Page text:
Monthly Archives: December 2012

Merit in an age of income inequality

By Jonathan Mousely

In an age when plutocracy is becoming increasingly evident in employment prospects and life success, it’s time to strive again to uphold and advance meritocracy — where people are judged on their individual abilities and work ethic rather than their family connections. In a liberal and democratic society such as Canada’s, the position of parents on the socio-economic ladder should have little impact on their children’s success.

While income inequality is growing in most countries to levels not seen since the late 1800s, social mobility is declining. In fact, children of privilege have a greater chance of staying at the top of the social heap than ever before, while those with less privileged backgrounds are finding it harder to climb that heap.

There’s nothing wrong with income inequality (albeit within reasonable limits, I would argue) as long as there’s sufficient social mobility. But the growing inequality seen in most countries today is happening at the same time as there’s less and less upward mobility. This is a breeding ground for growing frustration and resentment among those unable to benefit by dint of hard work and ability.  We need to ensure that the full range of talents that individuals have to offer can be recognized, fostered and employed.

One example of why this is less and less the case can perhaps be seen in government and the corporate world. The cadre of front-line workers and professional managers is declining everywhere as the pressure for cost savings forces governments and companies alike to contract out many activities and shift from full-time to part-time employees. Long-term employment with one employer is also much less prevalent than in the past due to frequent downsizing. It has thus become harder for people to have their skills or talents recognized, and there are fewer opportunities for talented employees to rise up the organizational — and income — hierarchy.

The policy prescriptions necessary to encourage or restore meritocracy are difficult to conceive and even more difficult to implement owing to the complexity of our modern society. Government can do a lot–in terms of taxation and income re-distribution — to realize greater equality of outcomes. However, it’s able to do far less — attacking crony capitalism and investing in the young are perhaps the best policy prescriptions available — to realize greater equality of opportunity. Instead, together, as a society, we need to revive the practice of recognizing and rewarding merit. Wherever we are able to truly reward excellence and hard work, society is at its best and most successful. Wherever we do not, society suffers, beset by corruption and favouritism. As the ancient Chinese knew all too well, meritocracy works!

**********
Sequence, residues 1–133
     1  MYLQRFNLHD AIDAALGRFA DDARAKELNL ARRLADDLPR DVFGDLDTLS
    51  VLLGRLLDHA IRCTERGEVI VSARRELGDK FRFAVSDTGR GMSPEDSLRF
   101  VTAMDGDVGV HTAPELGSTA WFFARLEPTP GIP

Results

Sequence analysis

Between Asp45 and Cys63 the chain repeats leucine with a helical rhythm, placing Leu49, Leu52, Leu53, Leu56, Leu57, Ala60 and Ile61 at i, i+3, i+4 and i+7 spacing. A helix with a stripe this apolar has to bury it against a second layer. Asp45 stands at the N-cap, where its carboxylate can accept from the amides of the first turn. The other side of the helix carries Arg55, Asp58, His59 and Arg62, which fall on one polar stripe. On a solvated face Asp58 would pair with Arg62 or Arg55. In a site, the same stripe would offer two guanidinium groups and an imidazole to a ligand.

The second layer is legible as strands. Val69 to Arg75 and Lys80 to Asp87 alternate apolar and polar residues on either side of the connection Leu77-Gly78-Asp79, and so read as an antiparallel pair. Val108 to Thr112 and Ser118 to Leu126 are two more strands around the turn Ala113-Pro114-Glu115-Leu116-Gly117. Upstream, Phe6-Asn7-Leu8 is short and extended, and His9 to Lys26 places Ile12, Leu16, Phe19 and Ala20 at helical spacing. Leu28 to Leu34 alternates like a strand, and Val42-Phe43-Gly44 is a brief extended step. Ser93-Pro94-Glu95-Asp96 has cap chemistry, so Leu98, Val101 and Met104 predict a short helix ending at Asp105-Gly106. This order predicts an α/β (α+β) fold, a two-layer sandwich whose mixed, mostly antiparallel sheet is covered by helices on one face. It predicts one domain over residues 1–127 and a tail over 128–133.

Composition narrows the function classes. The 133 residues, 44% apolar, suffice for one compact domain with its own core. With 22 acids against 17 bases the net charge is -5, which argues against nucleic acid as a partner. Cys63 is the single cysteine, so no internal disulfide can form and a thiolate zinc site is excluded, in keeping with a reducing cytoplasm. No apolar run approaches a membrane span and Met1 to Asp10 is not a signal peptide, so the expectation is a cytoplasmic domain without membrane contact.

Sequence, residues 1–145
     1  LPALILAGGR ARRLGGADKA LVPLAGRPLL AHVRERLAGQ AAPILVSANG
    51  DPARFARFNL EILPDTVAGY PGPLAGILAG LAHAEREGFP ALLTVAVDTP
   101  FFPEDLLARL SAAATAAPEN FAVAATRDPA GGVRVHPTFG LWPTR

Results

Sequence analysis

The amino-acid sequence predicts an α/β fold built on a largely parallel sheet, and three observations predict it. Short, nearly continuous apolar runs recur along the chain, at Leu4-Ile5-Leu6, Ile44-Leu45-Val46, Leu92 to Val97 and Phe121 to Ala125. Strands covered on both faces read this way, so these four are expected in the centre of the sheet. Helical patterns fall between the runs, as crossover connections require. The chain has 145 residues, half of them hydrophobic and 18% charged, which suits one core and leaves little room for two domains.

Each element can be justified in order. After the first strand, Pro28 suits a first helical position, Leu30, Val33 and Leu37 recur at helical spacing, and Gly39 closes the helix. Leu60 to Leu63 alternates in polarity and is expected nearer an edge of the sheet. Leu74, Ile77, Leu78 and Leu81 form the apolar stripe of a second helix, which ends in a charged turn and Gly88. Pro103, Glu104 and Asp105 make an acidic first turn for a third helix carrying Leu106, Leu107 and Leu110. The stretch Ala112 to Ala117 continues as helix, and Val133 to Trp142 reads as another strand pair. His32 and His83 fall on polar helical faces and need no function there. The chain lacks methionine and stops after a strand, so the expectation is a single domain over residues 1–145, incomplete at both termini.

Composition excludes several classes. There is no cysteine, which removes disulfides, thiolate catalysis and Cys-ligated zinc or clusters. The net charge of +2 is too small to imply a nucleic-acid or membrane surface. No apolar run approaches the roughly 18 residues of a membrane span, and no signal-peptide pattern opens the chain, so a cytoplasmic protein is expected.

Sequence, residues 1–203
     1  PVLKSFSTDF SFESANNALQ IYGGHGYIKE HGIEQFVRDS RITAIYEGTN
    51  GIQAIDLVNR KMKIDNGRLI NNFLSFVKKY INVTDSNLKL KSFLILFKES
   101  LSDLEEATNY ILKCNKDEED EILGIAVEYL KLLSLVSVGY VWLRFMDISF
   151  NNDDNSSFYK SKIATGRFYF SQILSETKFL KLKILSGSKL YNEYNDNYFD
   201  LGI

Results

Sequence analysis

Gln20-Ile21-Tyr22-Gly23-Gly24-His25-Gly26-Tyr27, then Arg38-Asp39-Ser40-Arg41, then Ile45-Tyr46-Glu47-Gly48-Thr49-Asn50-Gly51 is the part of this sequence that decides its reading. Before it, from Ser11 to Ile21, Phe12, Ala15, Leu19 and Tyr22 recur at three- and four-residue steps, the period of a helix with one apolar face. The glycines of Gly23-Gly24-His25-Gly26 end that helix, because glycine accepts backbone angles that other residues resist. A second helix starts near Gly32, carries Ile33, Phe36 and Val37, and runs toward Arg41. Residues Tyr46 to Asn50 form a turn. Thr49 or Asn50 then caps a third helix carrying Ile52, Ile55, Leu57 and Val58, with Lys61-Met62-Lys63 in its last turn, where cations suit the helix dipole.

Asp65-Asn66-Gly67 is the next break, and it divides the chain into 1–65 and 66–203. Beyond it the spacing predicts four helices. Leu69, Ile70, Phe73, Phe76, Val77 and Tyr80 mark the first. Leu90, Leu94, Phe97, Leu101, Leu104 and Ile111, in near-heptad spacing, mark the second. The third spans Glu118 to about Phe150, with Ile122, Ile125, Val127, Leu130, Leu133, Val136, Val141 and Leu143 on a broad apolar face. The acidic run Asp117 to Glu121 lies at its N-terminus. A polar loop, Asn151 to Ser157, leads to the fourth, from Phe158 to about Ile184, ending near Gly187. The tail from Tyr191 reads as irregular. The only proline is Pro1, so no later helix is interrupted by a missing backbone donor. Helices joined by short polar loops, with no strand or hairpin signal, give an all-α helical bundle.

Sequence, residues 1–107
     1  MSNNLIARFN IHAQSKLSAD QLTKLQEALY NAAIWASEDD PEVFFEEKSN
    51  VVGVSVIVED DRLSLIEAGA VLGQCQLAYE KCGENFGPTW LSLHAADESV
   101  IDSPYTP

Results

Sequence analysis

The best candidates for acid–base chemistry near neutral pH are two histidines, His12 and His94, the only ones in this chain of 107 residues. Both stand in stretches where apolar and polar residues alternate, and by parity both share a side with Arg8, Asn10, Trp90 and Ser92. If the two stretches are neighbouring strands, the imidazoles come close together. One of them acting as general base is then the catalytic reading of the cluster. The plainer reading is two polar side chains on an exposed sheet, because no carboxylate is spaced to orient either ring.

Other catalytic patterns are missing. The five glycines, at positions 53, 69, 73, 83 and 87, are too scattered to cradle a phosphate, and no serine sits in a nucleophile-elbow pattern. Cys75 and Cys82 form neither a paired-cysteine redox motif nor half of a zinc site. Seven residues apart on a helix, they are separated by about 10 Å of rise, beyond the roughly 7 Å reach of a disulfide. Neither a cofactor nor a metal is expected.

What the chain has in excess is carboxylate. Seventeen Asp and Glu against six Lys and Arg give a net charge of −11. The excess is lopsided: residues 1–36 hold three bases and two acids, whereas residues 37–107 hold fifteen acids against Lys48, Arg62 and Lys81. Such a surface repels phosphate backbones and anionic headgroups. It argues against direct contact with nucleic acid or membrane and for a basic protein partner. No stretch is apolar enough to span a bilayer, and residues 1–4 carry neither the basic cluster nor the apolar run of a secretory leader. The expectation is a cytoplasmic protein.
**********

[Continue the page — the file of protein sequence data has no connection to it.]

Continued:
Jonathan Mousely (UCC ’86) is a candidate for Leader of the Liberal Party of Canada.

Reflecting on merit and my changing understanding of the UCC motto

By Neil Seeman

“Let he who merited the palm bear it” (Palmam qui meruit ferat). My classmates and I all remember our high school motto or, at the very least, remember seeing it in Laidlaw Hall, yet we all interpret it in different ways.

One challenge with merit is that, in its modern vernacular, it can serve confusion. “Everybody has a plan until they get punched in the face,” ex-pugilist Mike Tyson once said. Statistically, chance explains the majority of all good fortune (yes, hard work adds to the general equation), as proven by the work of Nobel Laureates and decision researchers Daniel Kahneman and the late Amos Tversky. For me, the UCC motto was both a burden and an instigation to chase excellence, no matter the cost. The second bit stood me well, but the burden persisted. I never could understand why ‘bad things happen to good people.’

We should all know and remember this. Billions go to bed hungry each night. Billions live on less than a few dollars a day. What chance is there for merit without means? And what if, through no fault of your own, fate punches you in the face one day. That punch can, and usually does, come to everyone.

While I sat in Weston Hall at curriculum night for new Senior Kindergarten parents in my son’s class three years ago, I revisited these recurring thoughts. And then I met by chance Adam de Pencier, who had taught Latin and Greek at the College following the end of the tenure of the ever-great Terence Bredin (under whom I studied Latin in grades 9-12). “Into the valley of Death Rode the six hundred…” I remember Mr. Bredin imploring us all to recognize the beauty in this sad but exquisite line by Lord Alfred Tennyson. There were 600 odd students in the Upper School then. I identified with the 600. Were we all, then, similarly facing doom?